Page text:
Kiss the Tiger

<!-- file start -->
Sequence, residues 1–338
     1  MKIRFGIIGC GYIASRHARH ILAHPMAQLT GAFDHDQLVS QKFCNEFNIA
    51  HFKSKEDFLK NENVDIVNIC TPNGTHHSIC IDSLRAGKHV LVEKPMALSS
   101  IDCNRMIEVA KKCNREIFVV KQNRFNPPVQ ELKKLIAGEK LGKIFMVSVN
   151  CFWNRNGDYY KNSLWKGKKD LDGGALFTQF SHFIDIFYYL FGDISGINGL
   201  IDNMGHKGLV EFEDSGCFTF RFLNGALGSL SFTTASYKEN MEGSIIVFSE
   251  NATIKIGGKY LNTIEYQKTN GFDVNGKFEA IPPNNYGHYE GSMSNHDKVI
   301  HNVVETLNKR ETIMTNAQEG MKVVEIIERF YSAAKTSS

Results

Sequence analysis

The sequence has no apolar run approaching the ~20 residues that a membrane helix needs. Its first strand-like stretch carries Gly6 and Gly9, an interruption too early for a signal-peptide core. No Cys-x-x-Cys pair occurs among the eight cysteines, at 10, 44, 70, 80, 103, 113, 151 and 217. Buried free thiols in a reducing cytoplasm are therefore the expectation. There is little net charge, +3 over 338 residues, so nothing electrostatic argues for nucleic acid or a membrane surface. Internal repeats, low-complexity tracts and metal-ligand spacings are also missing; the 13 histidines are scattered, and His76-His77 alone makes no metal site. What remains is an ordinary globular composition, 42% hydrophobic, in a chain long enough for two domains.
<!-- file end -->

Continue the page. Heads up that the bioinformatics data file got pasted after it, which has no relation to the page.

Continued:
At a time when the world seems intent on pushing us further inward and further apart, Kiss the Tiger are here to rattle our bones and bust us out of our cocoons with some good old fashioned rock and roll. Fronted by the magnetic and disarming Meghan Kreidler, who draws on her background in theater to break the fourth wall between audience and band with her righteous fist pumps and high kicks, this is a band that doesn’t just play. They combust. And watching them set the stage ablaze, it’s hard not to feel that tension that’s been built up in all of us these past few years slowly release, too, like a collective exhale set to ratcheting guitars, buoyant bass lines and Kreidler’s perfectly pitched screams. Theirs is a clean-burning fire. Hell, you might even call it healing. “We want to give the audience an experience that is visceral and jolts them awake—creating community in that moment,” Kreidler notes. “I think that’s a really nice gift you can give people: Just let go.” Over the past few years Kiss the Tiger have set the Twin Cities ablaze, and there’s nary a club, block party, park amphitheater or backyard that they haven’t transformed with their commanding live shows. And their rigorous performance schedule has paid off: The band has never sounded tighter or more certain of its mission. Kreidler is backed on stage by her longtime partner and creative foil, Michael Anderson, on rhythm guitar, plus lead guitarist Bridger Fruth, bassist Paul DeLong, and drummer Jay DeHut. Their sets are often accompanied by sing-alongs to regional hits like the hard-knocking “Motel Room,” their ode to pandemic loneliness, “I Miss You,” or their pleading anthem “Hold On to Love,” all of which have become instantly recognizable to locals thanks to regular airplay on the tastemaking public radio station 89.3 The Current. (“Hold On to Love,” specifically, spent a whopping nine weeks at No. 1 on The Current’s Chart Show and was inducted into the Chart Show Hall of Fame.) Their latest album, Vicious Kid, is a tour de force through the band’s increasingly sophisticated songwriting, which is handled jointly by Kreidler and Anderson. There are plenty of moments where they embody the spirit of late ‘70s new wave punk, like in the ridiculously fun “Who Does Her Hair?” But they have started weaving in softer textures, too, like the crooning and feminist alt-country ballad “Grown Ass Woman” or the skeletal and simmering “Out of My Mind.” Unsurprisingly, Vicious Kid was named one of the Best Minnesota Albums of 2021 by the Minneapolis Star Tribune and highlighted as their longtime critic Chris Riemenschneider’s personal favorite that year. In addition to exploring a wider variety of sounds and genres, Vicious Kid also features some of Kiss the Tiger’s most thought-provoking lyrics to date. In “Grown Ass Woman,” Kreidler pleads, and then demands, that she be allowed to cut her own path in this world—a message that dovetails seamlessly with Kiss the Tiger’s approach to making music. “The angel of death wants me to draw another breath/But angel won’t you leave me alone,” she sings and sighs. “Even near the end not a foe or a friend/Is gonna tell me what to do.” In addition to headlining their own barn-burning shows, Kiss the Tiger have also been tapped to open for prominent acts like Lake Street Dive, The Suburbs, Ike Reilly, Jackie Venson, Black Joe Lewis, and Daughtry. They have also brought their act on the road to open for Philly’s Low Cut Connie, Austin’s Emily Wolfe, and fellow Minneapolis indie favorites Bad Bad Hats. Given how quickly they’ve won over the Twin Cities, Kiss the Tiger are poised to roar into more markets soon. Their transcendent, heart-forward rock and roll is right on time.